World’s top cruise company Royal Caribbean Cruises mulls an expansion in the Philippines, saying the country's "amazing adversity and richness of islands" is what they are looking for.

Royal Caribbean Cruises President and Chief Operating Officer Adam Goldstein is in the Philippines to meet with the potential investor groups and the Philippine government to discuss plans for expansion.

Goldstein said with Philippines' big potential for the cruise market, they need to think ahead of the game and propose for the construction of the pier infrastructure as early as now.

“Infrastructure projects typically take three to five years to come into situation, so we want to make sure that potential investor groups, the government and others know what we think is possible ahead of the game, so we came here to say a world city like Manila should really have significant pier infrastructure that can take potentially even the biggest cruise ship in the world,” he said.

He said that although the development of infrastructure needed for the expansion will take time, he foresees the plan will materialize.

“The Philippines has this amazing adversity and richness of islands and that’s typically what we look for, I would say in theory there’s almost unlimited destinations, it will just take time to develop routes and develop traffic that will allow us to go to different parts of the Philippine profitably, but I foresee that it will happen,” he said.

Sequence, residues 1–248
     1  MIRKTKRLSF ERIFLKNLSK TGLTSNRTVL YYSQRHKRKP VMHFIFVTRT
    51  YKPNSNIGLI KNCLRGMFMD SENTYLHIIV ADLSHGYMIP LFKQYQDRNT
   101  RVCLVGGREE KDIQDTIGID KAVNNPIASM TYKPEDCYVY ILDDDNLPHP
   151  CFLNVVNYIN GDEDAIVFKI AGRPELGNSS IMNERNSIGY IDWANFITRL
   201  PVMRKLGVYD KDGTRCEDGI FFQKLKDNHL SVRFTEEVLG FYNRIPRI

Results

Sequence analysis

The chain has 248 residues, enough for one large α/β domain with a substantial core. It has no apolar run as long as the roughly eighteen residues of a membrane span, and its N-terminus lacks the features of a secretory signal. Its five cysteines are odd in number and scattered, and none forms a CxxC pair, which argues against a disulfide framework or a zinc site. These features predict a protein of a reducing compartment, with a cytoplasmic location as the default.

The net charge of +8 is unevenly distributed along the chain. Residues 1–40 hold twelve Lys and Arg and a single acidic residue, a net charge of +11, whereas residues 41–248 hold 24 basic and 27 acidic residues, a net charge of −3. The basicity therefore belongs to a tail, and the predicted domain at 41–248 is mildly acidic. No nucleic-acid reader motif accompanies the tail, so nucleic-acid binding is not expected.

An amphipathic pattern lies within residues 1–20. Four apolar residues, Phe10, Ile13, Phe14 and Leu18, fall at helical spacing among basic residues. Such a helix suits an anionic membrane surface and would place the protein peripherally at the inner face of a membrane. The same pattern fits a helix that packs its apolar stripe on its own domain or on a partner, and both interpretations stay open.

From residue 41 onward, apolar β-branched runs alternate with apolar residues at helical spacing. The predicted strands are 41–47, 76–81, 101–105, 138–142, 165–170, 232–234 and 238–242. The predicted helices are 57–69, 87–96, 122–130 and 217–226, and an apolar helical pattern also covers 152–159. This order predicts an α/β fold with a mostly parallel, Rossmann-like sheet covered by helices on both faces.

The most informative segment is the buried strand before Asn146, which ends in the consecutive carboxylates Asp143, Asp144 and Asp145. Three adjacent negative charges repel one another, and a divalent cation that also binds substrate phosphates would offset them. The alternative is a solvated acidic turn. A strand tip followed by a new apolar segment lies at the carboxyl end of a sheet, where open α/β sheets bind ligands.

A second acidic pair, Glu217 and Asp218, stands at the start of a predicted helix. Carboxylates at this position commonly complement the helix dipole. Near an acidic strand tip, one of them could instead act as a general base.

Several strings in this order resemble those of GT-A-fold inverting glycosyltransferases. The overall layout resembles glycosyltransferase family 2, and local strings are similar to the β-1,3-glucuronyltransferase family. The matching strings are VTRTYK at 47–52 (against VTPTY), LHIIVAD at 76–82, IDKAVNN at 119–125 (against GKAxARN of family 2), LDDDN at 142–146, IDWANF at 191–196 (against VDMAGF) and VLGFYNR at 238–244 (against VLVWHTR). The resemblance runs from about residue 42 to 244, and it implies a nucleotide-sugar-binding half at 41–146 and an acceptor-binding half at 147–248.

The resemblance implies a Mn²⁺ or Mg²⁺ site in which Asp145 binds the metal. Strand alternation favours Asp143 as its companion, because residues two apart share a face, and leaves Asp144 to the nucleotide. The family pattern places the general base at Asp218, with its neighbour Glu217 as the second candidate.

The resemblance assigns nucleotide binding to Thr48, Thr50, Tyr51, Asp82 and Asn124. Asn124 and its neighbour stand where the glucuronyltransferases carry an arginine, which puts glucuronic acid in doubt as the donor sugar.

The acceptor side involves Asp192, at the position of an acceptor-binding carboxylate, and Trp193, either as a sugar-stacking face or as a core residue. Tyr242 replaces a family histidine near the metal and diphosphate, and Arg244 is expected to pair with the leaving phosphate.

Goldstein bared their medium term plan is to establish ports of call in the Philippines for cruises from Hong Kong.

"In the medium to longer term is cruises from Hong Kong which is a new developing area, the ships can reach Manila and other parts of the Philippines without too much difficulty, they can be incorporated into attractive itineraries," he said.

A longer term plan includes setting up actual cruises originating in the Philippines.

"A little bit longer term we think, as the Chinese expands their travelling for leisure and volume, the places like Boracay will become available to them and even possibly in the medium and long term, ships may be able to begin and end cruises from Manila or from Boracay because of Chinese and others flying to the destination in the Philippines possibly doing a hotel stay before or after the cruises, taking a cruise in the region,” Goldstein said.